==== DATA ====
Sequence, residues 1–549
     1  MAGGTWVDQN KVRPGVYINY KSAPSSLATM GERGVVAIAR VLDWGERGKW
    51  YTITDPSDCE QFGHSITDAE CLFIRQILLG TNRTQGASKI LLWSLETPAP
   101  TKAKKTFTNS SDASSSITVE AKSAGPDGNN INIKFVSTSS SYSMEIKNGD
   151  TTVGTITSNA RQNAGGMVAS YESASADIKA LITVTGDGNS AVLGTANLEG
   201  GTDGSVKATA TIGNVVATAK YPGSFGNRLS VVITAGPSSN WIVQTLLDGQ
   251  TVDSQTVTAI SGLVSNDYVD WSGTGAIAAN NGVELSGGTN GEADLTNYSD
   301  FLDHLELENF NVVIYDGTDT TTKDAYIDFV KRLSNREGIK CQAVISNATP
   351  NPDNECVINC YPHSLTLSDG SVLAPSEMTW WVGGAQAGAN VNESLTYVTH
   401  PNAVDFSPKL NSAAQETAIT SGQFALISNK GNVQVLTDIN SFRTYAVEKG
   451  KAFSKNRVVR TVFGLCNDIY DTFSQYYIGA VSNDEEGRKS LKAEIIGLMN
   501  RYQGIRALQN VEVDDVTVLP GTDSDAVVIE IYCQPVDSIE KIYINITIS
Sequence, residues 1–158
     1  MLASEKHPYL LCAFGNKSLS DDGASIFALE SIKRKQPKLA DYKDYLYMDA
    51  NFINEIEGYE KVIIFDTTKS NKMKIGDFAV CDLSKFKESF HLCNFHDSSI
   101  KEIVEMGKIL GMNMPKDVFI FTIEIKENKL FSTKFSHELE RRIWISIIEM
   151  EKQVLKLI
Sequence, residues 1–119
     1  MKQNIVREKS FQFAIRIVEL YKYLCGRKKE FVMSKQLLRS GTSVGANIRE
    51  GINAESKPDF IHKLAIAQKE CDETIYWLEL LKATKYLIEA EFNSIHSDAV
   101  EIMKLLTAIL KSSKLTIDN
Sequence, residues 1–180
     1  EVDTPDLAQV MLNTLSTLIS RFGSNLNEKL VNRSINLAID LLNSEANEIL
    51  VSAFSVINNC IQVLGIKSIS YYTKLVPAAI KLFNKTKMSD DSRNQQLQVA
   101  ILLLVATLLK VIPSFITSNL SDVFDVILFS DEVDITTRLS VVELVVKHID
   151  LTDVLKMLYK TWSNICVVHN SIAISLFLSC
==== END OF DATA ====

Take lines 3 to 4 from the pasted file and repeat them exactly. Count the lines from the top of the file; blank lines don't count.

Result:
    51  YTITDPSDCE QFGHSITDAE CLFIRQILLG TNRTQGASKI LLWSLETPAP
   101  TKAKKTFTNS SDASSSITVE AKSAGPDGNN INIKFVSTSS SYSMEIKNGD